A ruling by a special three-judge panel will see New York collect more than $92 million from the so-called Big Tobacco companies, state Attorney General Eric Schneiderman said Wednesday.
The ruling comes in a dispute over payments relating to a 1998 agreement in which a number of tobacco companies agreed to pay New York, other U.S. states and two territories to settle charges that the tobacco companies promoted smoking while willfully ignoring its health risks. Under the master settlement agreement, ongoing payments to the states and territories are tied to sales of tobacco products within their borders.
Costs of treating smoking-related illnesses largely paid for by states through Medicaid and other health and welfare programs.
The tobacco companies claimed New York owed them $800 million for money they had paid on untaxed cigarette sales on Indian reservations. The judicial panel said settlement terms calling for the cigarette manufacturers to pay into an escrow fund for every unit of product sold applies.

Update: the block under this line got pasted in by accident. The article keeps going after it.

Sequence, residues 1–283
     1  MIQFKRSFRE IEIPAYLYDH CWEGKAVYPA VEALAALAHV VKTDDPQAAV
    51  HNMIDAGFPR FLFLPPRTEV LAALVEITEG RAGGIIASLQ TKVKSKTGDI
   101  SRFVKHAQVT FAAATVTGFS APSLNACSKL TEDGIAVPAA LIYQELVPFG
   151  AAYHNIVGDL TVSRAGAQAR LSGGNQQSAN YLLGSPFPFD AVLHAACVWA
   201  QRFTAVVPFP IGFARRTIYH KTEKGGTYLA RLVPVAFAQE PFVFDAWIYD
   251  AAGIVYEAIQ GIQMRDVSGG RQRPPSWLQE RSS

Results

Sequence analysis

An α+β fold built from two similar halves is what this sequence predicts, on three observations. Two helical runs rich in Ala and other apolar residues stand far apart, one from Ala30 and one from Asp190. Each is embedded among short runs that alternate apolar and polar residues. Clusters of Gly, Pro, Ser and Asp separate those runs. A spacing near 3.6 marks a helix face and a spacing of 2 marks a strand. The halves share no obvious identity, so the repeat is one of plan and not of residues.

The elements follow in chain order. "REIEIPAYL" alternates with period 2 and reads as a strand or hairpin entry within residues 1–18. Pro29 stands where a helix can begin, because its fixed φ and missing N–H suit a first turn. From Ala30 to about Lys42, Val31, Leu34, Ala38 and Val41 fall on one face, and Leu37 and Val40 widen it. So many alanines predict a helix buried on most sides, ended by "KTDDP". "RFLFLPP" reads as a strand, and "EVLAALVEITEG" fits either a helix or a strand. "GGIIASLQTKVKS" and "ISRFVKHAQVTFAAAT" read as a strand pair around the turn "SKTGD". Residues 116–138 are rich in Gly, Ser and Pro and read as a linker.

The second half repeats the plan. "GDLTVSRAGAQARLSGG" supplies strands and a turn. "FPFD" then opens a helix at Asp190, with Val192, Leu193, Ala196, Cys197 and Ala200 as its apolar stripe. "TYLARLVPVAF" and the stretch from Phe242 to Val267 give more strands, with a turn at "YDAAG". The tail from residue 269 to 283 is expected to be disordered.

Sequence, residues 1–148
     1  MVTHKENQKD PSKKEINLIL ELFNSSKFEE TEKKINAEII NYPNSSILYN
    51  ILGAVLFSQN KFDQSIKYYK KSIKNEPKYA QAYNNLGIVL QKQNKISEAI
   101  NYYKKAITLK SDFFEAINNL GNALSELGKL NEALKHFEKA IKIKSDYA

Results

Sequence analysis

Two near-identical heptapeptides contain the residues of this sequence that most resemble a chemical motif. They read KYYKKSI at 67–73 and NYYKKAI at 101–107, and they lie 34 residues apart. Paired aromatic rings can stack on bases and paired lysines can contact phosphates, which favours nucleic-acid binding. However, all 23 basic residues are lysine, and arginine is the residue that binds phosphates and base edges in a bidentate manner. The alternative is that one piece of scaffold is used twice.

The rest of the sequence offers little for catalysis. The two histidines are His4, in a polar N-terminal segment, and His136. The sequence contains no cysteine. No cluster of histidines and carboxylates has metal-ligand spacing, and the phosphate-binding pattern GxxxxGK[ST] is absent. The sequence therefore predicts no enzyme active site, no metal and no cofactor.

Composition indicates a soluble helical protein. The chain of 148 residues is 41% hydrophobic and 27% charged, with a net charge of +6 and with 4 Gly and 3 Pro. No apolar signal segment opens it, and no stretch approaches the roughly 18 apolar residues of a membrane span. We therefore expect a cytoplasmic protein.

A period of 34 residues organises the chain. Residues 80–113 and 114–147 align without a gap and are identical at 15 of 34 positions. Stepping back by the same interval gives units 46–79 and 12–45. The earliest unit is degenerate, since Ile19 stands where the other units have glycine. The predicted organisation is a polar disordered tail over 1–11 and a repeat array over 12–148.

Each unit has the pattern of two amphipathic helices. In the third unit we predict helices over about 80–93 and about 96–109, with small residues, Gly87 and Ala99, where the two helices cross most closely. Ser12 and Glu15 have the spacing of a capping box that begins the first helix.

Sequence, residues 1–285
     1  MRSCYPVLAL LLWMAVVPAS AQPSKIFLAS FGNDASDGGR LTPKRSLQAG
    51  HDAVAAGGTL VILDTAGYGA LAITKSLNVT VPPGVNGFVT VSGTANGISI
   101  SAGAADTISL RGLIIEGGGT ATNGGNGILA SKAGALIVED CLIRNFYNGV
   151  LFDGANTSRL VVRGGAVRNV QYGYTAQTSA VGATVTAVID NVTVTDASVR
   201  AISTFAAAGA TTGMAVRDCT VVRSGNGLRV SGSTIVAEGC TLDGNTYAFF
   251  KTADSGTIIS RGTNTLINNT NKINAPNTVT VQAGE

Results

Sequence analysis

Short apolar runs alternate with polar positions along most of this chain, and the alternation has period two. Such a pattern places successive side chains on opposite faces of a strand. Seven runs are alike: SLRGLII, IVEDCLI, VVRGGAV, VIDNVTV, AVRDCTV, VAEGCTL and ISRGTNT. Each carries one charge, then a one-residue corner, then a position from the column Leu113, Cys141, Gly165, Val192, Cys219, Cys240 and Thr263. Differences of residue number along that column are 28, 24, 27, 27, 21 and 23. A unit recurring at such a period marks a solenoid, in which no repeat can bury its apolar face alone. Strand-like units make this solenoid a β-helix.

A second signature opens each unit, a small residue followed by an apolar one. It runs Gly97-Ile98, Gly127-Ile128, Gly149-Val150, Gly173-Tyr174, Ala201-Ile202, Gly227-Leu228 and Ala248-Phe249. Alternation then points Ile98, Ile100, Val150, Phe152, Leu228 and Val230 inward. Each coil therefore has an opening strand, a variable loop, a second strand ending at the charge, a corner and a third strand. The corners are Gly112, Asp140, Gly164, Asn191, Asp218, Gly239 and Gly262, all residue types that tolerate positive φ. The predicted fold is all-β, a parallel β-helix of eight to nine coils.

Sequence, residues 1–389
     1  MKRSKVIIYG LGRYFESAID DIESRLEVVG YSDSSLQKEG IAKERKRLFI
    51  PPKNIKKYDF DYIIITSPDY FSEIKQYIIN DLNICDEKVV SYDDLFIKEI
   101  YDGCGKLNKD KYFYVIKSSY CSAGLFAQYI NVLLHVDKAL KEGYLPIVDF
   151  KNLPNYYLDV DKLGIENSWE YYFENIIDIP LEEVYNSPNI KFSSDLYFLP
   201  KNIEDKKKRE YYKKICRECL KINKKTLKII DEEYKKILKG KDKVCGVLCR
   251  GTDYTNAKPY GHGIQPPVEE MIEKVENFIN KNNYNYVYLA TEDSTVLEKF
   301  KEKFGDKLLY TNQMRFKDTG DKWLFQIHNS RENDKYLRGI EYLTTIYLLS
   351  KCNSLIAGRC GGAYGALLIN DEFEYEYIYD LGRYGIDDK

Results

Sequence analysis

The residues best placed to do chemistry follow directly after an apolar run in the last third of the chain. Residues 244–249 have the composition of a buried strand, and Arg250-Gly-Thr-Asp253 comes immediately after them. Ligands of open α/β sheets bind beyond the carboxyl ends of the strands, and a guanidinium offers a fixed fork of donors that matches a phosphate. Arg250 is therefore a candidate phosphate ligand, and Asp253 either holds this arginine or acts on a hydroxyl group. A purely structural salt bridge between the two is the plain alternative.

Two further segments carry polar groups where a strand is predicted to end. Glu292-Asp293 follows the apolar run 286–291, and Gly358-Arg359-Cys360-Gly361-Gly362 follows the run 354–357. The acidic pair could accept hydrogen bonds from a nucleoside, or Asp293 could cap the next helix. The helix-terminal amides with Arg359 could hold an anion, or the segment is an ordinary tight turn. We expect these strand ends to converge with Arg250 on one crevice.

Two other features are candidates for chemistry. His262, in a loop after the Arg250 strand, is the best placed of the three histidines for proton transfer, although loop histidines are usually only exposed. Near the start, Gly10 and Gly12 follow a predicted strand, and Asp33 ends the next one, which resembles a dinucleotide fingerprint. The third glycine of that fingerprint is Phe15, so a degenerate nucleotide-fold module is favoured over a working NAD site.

“This ruling is a huge victory for all New Yorkers, and I applaud the panel for denying Big Tobacco’s efforts to avoid responsibility for illnesses caused by cigarettes and paid for by taxpayers,” Schneiderman said. “Big Tobacco companies contribute to the deaths of thousands of people every year. Finally, these companies will be required to reimburse the state for money spent treating New Yorkers made ill by their deadly product.”
The ruling applies only to a single year and the tobacco companies are continuing to press similar claims in other years.
“This office will make every effort to force the tobacco companies to give New York the money they are unlawfully withholding from the state, including going to court if necessary,” Schneiderman said.
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